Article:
Benoy Kurian’s paper gives an overview of the evolution of the idea of beauty in philosophy and art and re-views several questions concerning the approaches to the understanding of beauty: one and the many, objective/disinterested and subjective/involved, etc. for him are categories that do not capture the complex polysemy of beauty in art or life. Benoy draws attention to the countless possibilities suggested by ‘interpretative communities’ in making sense of the specificity and multiplicity of beauty as a concept and experience.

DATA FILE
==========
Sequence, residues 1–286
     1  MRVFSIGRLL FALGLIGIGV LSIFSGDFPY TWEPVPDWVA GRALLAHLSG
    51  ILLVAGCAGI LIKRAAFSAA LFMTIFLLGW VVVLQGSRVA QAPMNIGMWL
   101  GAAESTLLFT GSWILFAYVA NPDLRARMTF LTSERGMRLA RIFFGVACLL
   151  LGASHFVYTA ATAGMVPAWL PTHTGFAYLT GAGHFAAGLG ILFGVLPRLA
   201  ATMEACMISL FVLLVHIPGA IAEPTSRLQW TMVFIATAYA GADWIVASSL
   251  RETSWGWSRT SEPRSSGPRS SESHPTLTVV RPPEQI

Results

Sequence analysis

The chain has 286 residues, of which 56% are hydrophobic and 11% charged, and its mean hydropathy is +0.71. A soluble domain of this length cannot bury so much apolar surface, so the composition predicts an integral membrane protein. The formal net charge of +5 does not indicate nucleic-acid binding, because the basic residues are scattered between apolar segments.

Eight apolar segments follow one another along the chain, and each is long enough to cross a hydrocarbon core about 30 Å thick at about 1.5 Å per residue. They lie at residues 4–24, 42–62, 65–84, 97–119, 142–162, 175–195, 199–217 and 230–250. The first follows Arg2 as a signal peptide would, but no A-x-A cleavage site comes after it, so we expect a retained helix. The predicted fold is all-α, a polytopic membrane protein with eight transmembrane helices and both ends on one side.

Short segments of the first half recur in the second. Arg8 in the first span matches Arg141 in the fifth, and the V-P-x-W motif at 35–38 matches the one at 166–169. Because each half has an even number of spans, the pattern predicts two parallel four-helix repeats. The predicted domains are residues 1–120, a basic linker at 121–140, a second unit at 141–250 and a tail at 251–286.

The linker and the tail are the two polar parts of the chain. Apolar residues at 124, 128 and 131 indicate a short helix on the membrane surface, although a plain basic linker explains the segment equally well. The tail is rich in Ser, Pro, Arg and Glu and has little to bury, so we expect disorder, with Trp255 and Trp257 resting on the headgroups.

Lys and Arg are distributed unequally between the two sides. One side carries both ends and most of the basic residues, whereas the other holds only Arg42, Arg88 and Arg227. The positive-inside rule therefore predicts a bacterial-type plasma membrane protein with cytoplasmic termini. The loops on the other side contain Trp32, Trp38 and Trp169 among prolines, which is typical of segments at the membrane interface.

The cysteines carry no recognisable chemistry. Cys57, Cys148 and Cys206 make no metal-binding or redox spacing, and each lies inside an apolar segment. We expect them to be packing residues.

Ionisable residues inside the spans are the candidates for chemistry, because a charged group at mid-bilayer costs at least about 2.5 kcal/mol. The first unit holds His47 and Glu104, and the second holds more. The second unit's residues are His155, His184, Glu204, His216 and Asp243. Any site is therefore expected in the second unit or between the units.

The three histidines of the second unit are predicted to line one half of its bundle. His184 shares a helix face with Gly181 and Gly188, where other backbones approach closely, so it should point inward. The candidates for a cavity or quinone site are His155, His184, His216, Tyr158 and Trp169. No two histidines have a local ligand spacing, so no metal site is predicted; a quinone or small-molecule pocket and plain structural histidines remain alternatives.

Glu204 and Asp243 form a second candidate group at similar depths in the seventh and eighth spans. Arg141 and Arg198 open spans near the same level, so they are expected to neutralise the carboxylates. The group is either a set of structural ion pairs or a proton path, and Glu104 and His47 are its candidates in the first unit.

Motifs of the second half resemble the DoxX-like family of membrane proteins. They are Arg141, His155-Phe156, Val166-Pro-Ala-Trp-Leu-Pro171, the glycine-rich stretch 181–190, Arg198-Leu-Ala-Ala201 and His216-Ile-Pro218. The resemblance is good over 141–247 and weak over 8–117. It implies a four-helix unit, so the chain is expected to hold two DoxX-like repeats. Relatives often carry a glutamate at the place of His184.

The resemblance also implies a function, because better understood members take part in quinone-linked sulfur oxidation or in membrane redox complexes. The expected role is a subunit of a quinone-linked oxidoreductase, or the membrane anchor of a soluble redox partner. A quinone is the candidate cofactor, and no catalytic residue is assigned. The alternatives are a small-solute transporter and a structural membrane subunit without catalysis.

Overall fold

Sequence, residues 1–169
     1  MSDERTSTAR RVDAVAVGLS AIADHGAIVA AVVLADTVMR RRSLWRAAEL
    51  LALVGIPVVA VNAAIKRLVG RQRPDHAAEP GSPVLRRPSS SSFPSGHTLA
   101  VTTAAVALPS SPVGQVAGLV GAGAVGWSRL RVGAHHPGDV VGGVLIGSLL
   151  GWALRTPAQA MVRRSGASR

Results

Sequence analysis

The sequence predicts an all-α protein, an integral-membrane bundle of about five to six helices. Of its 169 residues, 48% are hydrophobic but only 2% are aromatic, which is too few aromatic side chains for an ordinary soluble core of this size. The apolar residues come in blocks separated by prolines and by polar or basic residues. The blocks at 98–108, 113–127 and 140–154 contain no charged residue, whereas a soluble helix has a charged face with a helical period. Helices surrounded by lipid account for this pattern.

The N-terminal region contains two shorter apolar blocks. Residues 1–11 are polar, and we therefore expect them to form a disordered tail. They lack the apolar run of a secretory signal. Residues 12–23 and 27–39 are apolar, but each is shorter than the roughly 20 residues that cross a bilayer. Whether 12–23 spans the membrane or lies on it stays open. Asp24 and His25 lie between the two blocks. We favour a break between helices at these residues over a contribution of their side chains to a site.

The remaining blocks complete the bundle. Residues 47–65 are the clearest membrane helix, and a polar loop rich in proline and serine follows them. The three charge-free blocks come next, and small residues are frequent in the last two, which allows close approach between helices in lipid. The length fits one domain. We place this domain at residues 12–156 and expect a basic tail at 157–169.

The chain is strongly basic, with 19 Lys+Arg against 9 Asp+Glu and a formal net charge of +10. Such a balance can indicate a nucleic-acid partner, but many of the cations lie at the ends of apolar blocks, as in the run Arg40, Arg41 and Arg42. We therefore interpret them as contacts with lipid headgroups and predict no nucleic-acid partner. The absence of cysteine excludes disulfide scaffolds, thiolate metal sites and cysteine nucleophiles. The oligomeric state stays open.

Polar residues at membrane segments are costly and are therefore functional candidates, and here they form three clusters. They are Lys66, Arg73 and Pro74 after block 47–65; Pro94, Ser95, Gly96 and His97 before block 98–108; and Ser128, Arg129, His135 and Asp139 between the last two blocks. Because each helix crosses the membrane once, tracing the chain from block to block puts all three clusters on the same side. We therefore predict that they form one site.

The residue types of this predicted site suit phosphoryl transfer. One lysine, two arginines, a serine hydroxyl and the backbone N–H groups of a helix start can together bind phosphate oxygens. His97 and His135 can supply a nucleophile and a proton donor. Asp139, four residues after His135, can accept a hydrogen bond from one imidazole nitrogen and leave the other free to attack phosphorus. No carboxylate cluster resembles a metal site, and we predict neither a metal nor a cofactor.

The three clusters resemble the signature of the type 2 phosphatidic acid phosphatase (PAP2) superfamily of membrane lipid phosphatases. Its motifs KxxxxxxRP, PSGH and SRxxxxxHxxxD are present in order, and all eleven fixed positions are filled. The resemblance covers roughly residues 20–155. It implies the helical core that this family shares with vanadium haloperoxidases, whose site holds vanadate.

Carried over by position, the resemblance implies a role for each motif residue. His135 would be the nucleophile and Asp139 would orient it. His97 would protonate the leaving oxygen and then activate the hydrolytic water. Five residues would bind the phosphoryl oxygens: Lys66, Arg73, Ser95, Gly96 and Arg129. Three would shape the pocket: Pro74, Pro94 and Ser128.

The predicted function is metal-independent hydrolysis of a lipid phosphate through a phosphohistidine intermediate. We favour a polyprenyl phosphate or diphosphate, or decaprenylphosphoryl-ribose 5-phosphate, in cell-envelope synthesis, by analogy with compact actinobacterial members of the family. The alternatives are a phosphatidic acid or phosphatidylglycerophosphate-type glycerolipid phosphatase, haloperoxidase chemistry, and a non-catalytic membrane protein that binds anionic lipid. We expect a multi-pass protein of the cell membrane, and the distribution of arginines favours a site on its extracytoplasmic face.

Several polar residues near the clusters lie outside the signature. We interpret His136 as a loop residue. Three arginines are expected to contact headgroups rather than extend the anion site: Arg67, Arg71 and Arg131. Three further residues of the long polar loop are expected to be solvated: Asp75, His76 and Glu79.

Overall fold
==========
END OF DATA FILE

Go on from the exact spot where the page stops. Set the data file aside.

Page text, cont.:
Anway Mukhopadhyay ponders on how differently the enigma of beauty was interpreted by Socrates and Diotima and substantiates that Diotima’s view on beauty was embedded in “a non-Socratic episteme of goddess spirituality.” Elucidating Diotima’s views on beauty and eros against a cross-cultural spectrum of feminine spirituality, he considers a possible dialogic engagement between matter and spirit. Drawing on the view that Diotima might have been a hetaira, Anway presents her as “a votaress of Aphrodite the Magna Mater, a comprehensive deity of love, sexuality and wisdom.”